A substitute bill adopted Sunday by a House special committee that revises Gov. Sarah Palin's proposal for revamping the way Alaska taxes oil and gas developers has a reasonable chance of surviving to a floor vote, Rep. Kurt Olson, R-Soldotna, said Monday.
Palin's bill, called the Alaska Clear and Equitable Share bill (HB 2001), would alter the state's current Petroleum Production Tax (PPT) by increasing the tax rate and other changes.
After 10 days of hearings and debate, the House Special Committee on Oil and Gas, which Olson chairs, proposed a substitute that eliminated Palin's tax increase, but adjusted the PPT's "progressivity factor" by adding a .225-percent surcharge on the gross value of a barrel of oil when the price goes higher than $50.
The surcharge would result in higher revenues than the governor's original bill after barrel of oil reached the $78-$80 range. For example, under the current PPT law, $87-per-barrel oil generates $4.026 billion. The original ACES bill would have garnered $4.538 billion at that price, while the O&G committee's substitute would generate $4.611 billion.
The committee considered but ultimately rejected Palin's request that the PPT base tax rate of 22.5 percent be boosted to 25 percent.
Olson said committee members were concerned that raising the base rate would dampen investment in Alaska by the oil industry.
"While we agree that it is fair to the producers to keep a steady base tax rate, Alaskans are frustrated that, at the exceptionally high prices we are seeing today for crude oil, the producers appear to be getting a windfall," Olson said in a press release.
"We think some of that windfall should land on our side of the fence. That's why we adopted a fairly aggressive progressivity factor based on gross value."
Interviewed Monday afternoon, Olson said there was general agreement among committee members.
"We got it out of committee with no (committee) opposition, which amazed me," he said.
Removing Palin's base tax increase in favor of a surcharge was seen as a better approach to revising the tax structure.
"We ran a number of models," he said. Ultimately, 22.5 percent (the current tax rate) looked best to most of us."
Olson said oil wasn't likely to drop below $50 a barrel any time soon, meaning the surcharge would continue to bring in higher revenues.
"I think the price will be up for the next several years," he said. "And we are only one or two car bombs away from $100 a barrel. It won't take much in the Middle East to affect the price. That's just a fact of life."
Olson also pointed to emerging markets in India and China and the increasing demands those nations are placing on the world oil supply as reasons for oil prices remaining elevated.
Something resembling the House's version may well become law, Olson said, adding that he had spoken with some members of the Senate who had reacted favorably. He declined to say with whom he'd spoken at this point, except that it included Sen. Johnny Ellis, D-Anchorage, who is on record saying that it had some potential.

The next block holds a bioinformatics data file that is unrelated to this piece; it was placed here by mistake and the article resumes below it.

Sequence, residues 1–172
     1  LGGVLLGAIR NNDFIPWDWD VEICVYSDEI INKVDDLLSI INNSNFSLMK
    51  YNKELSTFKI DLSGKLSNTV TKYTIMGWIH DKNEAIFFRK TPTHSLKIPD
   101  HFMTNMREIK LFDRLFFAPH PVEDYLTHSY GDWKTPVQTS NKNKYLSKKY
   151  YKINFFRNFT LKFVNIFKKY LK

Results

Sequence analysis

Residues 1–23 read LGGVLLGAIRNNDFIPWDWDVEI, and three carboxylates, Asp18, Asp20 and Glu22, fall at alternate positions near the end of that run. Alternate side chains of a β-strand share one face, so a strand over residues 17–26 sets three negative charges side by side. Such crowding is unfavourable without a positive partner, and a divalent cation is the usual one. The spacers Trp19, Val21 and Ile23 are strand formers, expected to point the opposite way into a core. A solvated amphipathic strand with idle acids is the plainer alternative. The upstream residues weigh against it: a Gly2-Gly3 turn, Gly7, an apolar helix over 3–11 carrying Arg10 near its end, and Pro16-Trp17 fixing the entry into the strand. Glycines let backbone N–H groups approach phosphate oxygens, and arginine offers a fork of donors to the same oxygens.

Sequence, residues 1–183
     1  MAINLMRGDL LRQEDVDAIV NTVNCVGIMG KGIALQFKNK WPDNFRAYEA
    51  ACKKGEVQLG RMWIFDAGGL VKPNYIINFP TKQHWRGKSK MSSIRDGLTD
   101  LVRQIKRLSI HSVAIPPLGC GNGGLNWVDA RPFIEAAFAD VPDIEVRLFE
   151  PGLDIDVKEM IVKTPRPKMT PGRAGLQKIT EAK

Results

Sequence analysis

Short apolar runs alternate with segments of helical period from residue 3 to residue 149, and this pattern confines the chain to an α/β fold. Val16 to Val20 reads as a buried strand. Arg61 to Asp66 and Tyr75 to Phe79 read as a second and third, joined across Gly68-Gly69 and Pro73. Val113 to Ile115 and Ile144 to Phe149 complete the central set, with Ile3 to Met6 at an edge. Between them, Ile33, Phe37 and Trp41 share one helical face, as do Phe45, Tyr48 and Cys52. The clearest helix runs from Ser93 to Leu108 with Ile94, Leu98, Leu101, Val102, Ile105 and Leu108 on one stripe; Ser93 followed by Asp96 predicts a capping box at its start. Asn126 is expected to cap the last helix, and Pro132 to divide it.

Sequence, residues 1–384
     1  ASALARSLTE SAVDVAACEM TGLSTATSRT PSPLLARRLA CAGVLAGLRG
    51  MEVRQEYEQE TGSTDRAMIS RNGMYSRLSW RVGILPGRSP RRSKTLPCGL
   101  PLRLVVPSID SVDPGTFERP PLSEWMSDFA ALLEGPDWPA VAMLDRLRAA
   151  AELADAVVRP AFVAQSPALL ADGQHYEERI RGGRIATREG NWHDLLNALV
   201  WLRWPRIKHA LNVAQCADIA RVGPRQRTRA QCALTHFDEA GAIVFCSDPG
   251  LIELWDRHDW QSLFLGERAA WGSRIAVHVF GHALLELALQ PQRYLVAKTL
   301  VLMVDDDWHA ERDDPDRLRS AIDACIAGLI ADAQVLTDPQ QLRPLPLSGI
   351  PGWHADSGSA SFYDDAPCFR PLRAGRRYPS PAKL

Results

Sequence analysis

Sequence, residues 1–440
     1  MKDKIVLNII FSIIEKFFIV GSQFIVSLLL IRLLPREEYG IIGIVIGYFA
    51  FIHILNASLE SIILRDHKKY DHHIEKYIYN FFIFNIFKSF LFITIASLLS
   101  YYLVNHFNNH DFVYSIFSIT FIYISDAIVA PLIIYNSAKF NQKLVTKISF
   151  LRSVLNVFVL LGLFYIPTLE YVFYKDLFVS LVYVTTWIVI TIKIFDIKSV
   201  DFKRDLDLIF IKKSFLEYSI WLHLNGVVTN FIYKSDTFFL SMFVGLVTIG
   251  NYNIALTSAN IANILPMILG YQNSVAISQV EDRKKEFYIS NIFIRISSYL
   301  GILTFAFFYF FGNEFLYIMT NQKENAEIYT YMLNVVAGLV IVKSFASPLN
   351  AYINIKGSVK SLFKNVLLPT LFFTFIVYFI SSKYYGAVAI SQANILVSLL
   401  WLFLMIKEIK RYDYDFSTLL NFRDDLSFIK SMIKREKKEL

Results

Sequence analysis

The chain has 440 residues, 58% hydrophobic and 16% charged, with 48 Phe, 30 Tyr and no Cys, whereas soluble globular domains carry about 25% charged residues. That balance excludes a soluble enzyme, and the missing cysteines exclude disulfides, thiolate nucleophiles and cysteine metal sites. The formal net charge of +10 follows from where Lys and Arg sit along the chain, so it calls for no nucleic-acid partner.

Other provisions of the Oil &Gas Committee's substitute included:
* Reduces from six to three the number of years a taxpayer can look back to apply transitional investment expenditure (TIE) credits
* Provides numerous amendments to allow better administration of the PPT, including the sharing of confidential information and reports between state agencies
* Disallows producers from claiming credits against the tax for pipeline and facility repairs caused through neglect or deferred maintenance
* Disallows producers from claiming a credit for the costs of construction of a crude oil topping plant on the North Slope.
The O&G substitute included a provision requested by the governor to move oil and gas tax auditors in the Alaska Department of Revenue from the classified (unionized) service to the exempt (nonunion) service. (An identical amendment was retained in a Senate version).
According to the department, recruiting auditors under the state's current contract pay plan has been difficult. Olson said a shortage of oil and gas auditors has delayed answers to legislative requests for financial data.
Jim Duncan, business manager of the Alaska State Employees Association, which represents the auditors, said there is no reason to shift those employees outside the union's coverage.
"We don't think this is necessary," Duncan said, adding that most of the auditing positions were filled, and that the state could increase the attractiveness of state auditing jobs simply by creating new, higher auditing positions and paying them at a higher range under the existing pay plan. "We don't see them having a problem," he said.
Duncan was to testify on the subject before the Senate Judiciary Committee on Monday.
Olson said he and Rep. Mike Dugan, D-Anchorage, have agreed to look into the matter further and in more detail in January.
The House O&G Committee substitute was forwarded to the House Resources Committee, which began public hearings Monday.
Hal Spence can be reached at email@example.com.
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